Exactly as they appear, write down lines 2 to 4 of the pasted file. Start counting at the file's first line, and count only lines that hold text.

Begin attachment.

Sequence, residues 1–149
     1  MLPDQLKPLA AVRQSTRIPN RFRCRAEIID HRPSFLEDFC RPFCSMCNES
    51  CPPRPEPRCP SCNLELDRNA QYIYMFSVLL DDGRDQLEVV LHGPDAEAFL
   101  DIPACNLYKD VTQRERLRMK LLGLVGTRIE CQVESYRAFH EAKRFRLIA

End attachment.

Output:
     1  MLPDQLKPLA AVRQSTRIPN RFRCRAEIID HRPSFLEDFC RPFCSMCNES
    51  CPPRPEPRCP SCNLELDRNA QYIYMFSVLL DDGRDQLEVV LHGPDAEAFL
   101  DIPACNLYKD VTQRERLRMK LLGLVGTRIE CQVESYRAFH EAKRFRLIA